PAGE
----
Today, we have become used to thinking of religious persecution as, by definition, an attack on religious freedom. Yet the twentieth century’s worst instance of anti-Christian persecution—the Armenian Genocide—did not fit the “religious freedom” category so neatly. The architects of the genocide were not, after all, trying to keep Armenians from worshipping Jesus, building churches, or reading the Bible. Much like Azerbaijan today, they were trying to exterminate a Christian people (whether practicing or not) that they had long held in subservience but had come to see as a threat to their power.

At the time, this fact posed no obstacle at all to American Christians organizing for their suffering coreligionists. Later generations of Christendom would not benefit from this clarity.

The anti-persecution movement achieved its greatest legislative victory in 1998, with the passage of the “International Religious Freedom Act.” Significantly, as the scholar Elizabeth Castelli notes, the final legislation does not use the word “persecution” even once in its definitions of terms. It speaks only of “violations of religious freedom.” These violations might include “forced mass resettlement,” “rape,” “enslavement,” “murder,” and so forth—but only “if committed on account of an individual’s religious belief or practice.”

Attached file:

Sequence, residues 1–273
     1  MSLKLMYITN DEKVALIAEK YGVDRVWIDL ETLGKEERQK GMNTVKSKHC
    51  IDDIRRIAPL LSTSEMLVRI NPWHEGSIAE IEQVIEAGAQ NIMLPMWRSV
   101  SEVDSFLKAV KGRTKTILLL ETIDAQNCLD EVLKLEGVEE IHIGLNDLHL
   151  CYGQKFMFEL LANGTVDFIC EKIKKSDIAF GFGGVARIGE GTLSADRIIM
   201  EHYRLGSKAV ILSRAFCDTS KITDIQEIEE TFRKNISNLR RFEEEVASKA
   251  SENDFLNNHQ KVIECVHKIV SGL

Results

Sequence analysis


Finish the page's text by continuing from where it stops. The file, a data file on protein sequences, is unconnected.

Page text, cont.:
This framing suits the priorities of the U.S. foreign policy establishment rather well. If persecution is primarily a problem of individual liberty, rather than a question involving ethnic identity, peoples, or even nations and nation-states, then it becomes an issue between governments and their citizens. U.S. diplomats can grade the performance of foreign governments and otherwise address the issue at their leisure, without calling into question broader U.S. foreign policy.

In order to pass key legislation and gain a foothold in the U.S. government, Christian anti-persecution activists accommodated themselves to the government’s preferences. This came at a cost. Soon, the institutions the U.S. and its allies set up to promote religious freedom began to shape the way Christians did advocacy. Eventually, it shaped the very way we thought about persecution.

This category shift has been so debilitating that, as the bombs were falling on Armenian Christians in September 2023, Christianity Today saw fit to publish just one piece about the attack—an article that interviews six “religious freedom experts” about whether or not specifically Christian advocacy for the Armenians would be appropriate.

An urgent task is now before Christian leaders and activists: to free our imaginations from the constraints of “international religious freedom” and its definitions, and to rediscover our biblical calling to solidarity with the body of Christ (I Cor. 12:25–26).

The next Karabakh will most likely be Syunik, the southernmost province of the Republic of Armenia, which Turkey and Azerbaijan are now eyeing greedily. And there will be other Karabakhs. Christian communities around the world are facing oppression, military attack, and ethnic cleansing in ways that are not easy to define as violations of individual religious freedom. This is the case today in the Nuba Mountains, West Papua, Benue, Southern Kaduna, Manipur, and Karen state. 

But you likely haven’t heard of most of these places.

Joel Veldkamp is the head of international communications at Christian Solidarity International.

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Image by Diego Delso via Creative Commons. Image cropped.